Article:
The senior next of kin is the person who is most senior, in the order set out in the legislation. They must be easily contactable and not certified mentally unfit.

It should be noted that the hierarchy only applies if there is a dispute and there is no executor or administrator of the estate of the deceased person.

Generally, the hierarchy is in the following order:

  • if the deceased was an Aboriginal or Torres Strait Islander person with strong cultural ties, a person who is appropriate according to their customs and tradition
  • spouse/de facto partner (special provisions apply if the deceased was still legally married but in a de facto relationship)
  • eldest child over 18
  • parent
  • eldest sibling over 18
  • a person who immediately before death had a relationship with the deceased and in the opinion of the manager is an appropriate person.

Issue of permit

A cemetery manager may issue a burial permit if the required documents are provided. The permit may be subject to any conditions that the manager considers appropriate.

If an application for a burial permit is refused, the manager must give written reasons for the refusal to the applicant.

Register of burials

Council must maintain a register of burials.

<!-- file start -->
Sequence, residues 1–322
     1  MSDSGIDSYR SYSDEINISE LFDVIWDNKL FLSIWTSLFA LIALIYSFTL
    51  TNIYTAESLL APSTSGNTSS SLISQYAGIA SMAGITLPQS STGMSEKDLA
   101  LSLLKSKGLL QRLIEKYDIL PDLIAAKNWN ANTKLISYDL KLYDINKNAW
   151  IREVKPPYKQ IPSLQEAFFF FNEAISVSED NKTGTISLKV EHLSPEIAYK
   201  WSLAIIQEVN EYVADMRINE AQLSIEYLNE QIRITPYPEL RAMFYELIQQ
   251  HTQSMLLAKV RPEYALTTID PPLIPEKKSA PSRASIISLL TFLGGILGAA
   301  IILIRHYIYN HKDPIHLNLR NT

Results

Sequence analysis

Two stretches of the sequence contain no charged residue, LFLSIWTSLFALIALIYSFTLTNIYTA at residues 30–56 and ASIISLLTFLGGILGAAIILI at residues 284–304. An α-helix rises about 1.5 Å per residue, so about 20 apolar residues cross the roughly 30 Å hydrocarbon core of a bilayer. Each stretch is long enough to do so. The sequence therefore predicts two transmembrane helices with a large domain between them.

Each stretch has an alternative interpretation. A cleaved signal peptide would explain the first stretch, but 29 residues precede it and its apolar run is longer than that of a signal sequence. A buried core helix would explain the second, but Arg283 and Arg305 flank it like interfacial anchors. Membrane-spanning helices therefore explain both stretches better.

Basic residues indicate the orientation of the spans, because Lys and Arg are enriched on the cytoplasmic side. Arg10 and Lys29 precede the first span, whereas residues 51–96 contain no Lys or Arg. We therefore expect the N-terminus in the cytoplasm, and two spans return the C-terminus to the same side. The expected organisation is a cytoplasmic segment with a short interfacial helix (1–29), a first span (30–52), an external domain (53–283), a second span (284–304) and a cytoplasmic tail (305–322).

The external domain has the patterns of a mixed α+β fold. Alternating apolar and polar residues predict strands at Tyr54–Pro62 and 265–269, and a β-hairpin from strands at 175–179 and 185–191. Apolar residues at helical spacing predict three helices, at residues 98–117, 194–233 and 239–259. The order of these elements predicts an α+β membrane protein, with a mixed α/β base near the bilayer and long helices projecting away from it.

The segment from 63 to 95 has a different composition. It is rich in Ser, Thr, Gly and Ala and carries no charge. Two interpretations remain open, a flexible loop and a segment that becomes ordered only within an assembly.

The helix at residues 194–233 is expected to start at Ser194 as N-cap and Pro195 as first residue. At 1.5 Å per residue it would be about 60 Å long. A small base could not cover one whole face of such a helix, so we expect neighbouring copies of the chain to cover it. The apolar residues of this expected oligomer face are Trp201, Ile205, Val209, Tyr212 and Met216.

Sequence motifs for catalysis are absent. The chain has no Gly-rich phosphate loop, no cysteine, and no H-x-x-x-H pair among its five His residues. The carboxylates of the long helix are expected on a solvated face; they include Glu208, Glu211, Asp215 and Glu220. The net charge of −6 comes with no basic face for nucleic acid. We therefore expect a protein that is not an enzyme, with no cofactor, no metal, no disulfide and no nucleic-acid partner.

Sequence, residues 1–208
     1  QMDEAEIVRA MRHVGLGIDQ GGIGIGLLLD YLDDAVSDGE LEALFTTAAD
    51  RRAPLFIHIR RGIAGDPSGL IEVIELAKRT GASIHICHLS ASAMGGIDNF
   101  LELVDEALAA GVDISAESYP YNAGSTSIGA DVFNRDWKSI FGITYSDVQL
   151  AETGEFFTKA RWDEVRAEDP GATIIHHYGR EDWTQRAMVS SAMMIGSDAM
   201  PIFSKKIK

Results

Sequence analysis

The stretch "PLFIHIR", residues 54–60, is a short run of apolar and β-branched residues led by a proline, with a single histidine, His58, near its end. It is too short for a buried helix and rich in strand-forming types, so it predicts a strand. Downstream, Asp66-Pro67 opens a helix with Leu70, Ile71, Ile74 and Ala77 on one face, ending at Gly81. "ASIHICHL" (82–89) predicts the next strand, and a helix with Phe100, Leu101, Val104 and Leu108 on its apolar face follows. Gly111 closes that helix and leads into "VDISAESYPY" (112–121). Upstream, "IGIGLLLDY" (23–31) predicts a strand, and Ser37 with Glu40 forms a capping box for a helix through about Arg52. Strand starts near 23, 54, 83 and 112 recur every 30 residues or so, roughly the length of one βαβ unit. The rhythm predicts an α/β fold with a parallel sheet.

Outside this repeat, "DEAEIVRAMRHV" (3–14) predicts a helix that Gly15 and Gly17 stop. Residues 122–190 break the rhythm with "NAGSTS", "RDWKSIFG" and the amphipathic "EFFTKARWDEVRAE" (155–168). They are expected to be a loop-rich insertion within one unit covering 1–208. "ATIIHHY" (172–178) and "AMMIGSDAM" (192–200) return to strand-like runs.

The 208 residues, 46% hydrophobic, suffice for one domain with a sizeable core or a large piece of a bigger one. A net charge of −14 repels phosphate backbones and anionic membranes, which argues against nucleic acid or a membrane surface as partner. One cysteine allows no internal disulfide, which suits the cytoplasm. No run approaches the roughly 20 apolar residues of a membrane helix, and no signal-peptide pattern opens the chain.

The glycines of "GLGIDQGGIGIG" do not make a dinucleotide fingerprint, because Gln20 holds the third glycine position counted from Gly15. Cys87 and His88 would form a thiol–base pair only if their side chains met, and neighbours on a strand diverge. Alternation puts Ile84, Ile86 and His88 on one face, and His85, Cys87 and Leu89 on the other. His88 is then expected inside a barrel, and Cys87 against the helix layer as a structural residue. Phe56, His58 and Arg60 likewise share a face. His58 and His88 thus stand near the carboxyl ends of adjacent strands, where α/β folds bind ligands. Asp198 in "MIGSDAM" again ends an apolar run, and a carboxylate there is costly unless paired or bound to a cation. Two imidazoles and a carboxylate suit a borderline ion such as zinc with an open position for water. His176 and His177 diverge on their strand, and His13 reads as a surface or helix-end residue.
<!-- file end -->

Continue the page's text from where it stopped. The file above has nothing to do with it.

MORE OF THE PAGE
The register will include, if known:

  • full name of the deceased
  • gender
  • date of birth
  • country of birth
  • address of residence immediately before death
  • date of death
  • place of death
  • cause of death
  • last occupation before death
  • marital status
  • the date of burial
  • identification of the grave (e.g. grave number)
  • the type of burial (e.g. horizontal in coffin)
  • the depth to the coffin/shroud
  • descriptive details and date of any memorial erected at the grave
  • the name of the person who officiated at the burial ceremony (if there was one).

Access to register

The register of burials will be available for inspection (e.g. at the council office) in accordance with council policy.

Council may determine and charge a fee for inspection of the register.


The manager may authorise the erection of a memorial (e.g. tombstone) in accordance with council policies.

Depth of burial

Buried human remains must be completely covered by soil that is at least one metre deep. If this is not reasonably possible, there must be a 50 millimetre watertight layer (e.g. concrete) placed directly over the remains and there must be at least 500 millimetres of soil above that.

Fees and charges

Councils may choose to set fees and charges for cemetery services. If council chooses to set fees, those fees must be reasonable.

Transport of human remains

If human remains are transported in a separate compartment from other passengers in a vehicle, the compartment must be capable of being easily cleaned and the body must be covered.

If the remains are in the same compartment as other passengers, (e.g. on an aeroplane), the body must be in a sealed container such as a coffin.


The department will establish a program of compliance reviews and will report to council on the results of these reviews. A compliance report might recommend administrative or operational changes.

Last updated: 03 December 2018